It is easy to get confused about capacity. For example, why doesn't the capacity double if I put in two batteries? If I have two batteries, shouldn't I get double the power? And the answer is yes, the power doubles. But this is watt-hour capacity, not amp-hour capacity. Dealers love to switch back and forth between watt-hours and amp-hours. They know they can snow you.

To return to the example, a Trojan T-105 has an amp-hour capacity of 225 amp-hours. Since power (watts) is voltage times current, the watt-hour capacity of this battery is 225 amp-hours x 6 volts = 1350 watt-hours. If you put in two batteries, this doubles to 2700 watt-hours.

An SRM-24 has an amp-hour capacity of 82 amp-hours. Again, since power (watts) is the product of voltage times current, the watt-hour capacity of this battery is 82 amp-hours x 12 volts = 984 watt-hours. A pair of them yields 1968 watt-hours.

The T-105s produce 21.77 watt-hours per pound. The SRM-24s produce 21.39 watt-hours per pound. Again, the numbers are virtually identical. And when you stop to think about it, you would expect them to be identical. A battery is basically a very simple device. Dunk some lead in some acid, and electricity comes out. If you have more lead and more acid, you would expect to get more capacity, in direct proportion. And you do - there is nothing magic here. All claims that one battery is fantastically better than another battery of the same size are bogus. If you buy more battery, you'll get more capacity. If you don't, you won't.

There are minor variations in the way batteries can be constructed (thick lead plates, thin lead plates, etc), but these differences have no real effect on capacity.

TucsonCarol:

So, does this explain why my originally installed battery will "take a charge, but not hold a charge"? I'm guessing we discharged it too deeply and it was permanently damaged.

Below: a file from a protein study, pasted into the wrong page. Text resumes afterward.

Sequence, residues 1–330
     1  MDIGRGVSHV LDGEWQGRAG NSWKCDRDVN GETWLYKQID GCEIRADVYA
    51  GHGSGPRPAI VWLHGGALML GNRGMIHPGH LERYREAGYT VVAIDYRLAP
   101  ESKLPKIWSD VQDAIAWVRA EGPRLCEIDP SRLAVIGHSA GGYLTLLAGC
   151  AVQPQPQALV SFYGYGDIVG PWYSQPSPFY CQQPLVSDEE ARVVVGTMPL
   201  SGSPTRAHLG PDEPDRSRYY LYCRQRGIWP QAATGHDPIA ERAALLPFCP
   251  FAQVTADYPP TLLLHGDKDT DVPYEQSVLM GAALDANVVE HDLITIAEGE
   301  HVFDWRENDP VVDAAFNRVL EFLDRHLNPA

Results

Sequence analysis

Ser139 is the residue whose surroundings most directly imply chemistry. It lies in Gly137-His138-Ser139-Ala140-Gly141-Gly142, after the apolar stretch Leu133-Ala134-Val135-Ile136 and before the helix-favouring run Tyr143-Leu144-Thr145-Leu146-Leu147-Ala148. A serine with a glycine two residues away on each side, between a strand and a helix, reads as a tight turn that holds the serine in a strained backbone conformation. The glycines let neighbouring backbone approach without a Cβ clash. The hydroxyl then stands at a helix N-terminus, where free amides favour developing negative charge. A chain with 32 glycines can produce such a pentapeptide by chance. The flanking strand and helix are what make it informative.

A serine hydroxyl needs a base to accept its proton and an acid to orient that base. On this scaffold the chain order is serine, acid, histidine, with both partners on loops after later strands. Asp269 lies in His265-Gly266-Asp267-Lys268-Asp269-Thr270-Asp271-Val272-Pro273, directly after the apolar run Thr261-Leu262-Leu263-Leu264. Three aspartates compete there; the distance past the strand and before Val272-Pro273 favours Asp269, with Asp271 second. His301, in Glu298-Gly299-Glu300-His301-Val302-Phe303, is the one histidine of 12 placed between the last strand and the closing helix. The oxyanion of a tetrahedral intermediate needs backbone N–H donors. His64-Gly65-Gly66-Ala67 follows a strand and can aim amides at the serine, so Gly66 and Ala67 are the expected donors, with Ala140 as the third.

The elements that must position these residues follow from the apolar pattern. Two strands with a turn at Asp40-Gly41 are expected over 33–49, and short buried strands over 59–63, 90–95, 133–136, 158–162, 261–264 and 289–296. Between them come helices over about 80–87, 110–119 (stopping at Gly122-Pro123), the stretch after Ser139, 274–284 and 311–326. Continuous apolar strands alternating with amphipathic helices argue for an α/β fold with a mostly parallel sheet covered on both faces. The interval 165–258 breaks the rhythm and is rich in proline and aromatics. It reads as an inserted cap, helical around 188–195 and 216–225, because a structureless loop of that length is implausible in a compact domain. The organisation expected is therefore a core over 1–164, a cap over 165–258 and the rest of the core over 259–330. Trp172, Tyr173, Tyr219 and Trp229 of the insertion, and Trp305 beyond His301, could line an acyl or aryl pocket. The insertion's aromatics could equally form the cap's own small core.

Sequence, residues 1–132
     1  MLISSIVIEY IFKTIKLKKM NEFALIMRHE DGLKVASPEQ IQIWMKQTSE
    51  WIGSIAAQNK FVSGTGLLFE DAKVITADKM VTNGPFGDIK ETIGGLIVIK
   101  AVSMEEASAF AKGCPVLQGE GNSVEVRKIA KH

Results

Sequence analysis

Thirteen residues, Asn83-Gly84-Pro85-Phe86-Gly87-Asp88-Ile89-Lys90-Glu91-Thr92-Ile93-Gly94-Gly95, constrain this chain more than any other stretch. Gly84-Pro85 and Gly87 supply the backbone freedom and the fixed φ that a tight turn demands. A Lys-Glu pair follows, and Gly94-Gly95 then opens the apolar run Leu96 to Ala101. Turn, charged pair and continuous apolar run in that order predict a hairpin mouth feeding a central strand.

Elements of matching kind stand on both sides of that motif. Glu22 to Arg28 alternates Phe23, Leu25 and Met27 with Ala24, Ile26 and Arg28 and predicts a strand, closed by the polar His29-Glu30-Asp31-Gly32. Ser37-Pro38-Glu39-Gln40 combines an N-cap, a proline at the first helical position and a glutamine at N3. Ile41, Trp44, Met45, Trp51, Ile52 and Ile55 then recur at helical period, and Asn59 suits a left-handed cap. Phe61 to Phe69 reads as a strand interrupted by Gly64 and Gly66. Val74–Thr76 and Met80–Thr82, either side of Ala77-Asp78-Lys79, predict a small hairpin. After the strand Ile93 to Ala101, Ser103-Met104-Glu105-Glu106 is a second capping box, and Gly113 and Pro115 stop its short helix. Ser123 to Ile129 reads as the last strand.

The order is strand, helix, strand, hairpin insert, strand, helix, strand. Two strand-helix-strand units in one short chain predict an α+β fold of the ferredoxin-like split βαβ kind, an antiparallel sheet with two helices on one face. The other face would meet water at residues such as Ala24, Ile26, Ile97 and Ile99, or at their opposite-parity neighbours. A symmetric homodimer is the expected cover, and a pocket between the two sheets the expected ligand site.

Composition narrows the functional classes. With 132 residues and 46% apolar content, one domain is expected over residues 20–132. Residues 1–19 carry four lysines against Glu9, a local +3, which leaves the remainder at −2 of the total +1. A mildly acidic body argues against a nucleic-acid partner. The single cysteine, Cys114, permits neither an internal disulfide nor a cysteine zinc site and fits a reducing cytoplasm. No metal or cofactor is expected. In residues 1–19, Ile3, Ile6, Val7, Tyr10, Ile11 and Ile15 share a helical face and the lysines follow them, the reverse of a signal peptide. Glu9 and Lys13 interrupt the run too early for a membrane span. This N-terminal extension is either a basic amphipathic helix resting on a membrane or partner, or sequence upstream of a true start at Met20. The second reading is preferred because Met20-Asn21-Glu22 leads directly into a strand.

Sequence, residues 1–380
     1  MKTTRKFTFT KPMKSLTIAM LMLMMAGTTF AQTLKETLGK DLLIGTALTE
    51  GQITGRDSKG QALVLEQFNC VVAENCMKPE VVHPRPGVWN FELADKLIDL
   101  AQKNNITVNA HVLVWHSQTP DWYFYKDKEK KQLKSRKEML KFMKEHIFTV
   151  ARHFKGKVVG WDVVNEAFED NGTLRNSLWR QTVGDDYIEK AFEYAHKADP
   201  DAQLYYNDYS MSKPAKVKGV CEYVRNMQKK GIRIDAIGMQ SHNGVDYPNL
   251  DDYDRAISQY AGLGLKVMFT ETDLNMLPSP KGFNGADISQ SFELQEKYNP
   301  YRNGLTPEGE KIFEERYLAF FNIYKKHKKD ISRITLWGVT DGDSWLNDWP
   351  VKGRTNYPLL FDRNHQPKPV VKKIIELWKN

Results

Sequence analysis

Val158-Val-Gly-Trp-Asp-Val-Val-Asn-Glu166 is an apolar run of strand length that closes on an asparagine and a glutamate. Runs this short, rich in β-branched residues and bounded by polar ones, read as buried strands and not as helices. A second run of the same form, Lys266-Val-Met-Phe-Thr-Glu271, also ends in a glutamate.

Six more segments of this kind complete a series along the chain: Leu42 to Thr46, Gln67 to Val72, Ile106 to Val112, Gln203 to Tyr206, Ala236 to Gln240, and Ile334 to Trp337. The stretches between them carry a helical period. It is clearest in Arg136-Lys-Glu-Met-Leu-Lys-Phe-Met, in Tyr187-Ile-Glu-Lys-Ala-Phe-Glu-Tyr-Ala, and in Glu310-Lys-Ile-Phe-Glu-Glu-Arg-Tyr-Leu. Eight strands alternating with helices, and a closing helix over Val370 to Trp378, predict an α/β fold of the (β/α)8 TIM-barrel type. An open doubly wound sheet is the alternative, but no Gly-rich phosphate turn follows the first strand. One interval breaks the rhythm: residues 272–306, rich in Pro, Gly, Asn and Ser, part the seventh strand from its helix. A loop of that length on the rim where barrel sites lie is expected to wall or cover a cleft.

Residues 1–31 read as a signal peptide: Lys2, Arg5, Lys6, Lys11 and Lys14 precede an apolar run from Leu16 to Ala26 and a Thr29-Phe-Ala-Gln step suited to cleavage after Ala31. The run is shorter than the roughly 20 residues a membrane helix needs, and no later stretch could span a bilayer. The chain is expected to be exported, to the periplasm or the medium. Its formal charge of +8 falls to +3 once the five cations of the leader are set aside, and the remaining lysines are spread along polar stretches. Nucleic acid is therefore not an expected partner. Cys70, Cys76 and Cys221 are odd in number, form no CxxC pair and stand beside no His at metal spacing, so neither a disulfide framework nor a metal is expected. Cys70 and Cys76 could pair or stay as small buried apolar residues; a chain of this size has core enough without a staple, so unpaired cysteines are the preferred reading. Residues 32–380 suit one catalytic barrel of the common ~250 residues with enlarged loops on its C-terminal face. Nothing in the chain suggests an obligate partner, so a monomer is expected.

Bill:

As you guessed, a battery that will take a charge but not hold a charge is damaged internally - and cannot be fixed. What often happens is that, when a battery is deeply discharged, the lead plates bend and touch each other. This short-circuits the battery internally.

Another common failure mechanism is that the lead plates shed flakes under deep discharge. The flakes settle to the bottom of the battery, and build up to enough depth to short the plates together. Same effect.

I mentioned earlier that batteries generate electricity when a piece of lead is dunked in acid. The electricity generation actually happens at the surface of the lead, where the lead contacts the acid. The more surface area there is, the more current can be generated.

The lead is formed into a series of plates, which are immersed in acid. One of the differences between motor-starting batteries and deep-cycle batteries is in the construction of the lead plates. Motor-starting batteries have many thin plates. The large surface area of the multiple plates contacts a lot of acid, and therefore can generate more current - which is needed for the huge current demands of motor-starting. But the thin plates are fragile. A big mechanical shock can bend them. And more commonly, they bend for chemical reasons as the battery is deeply discharged.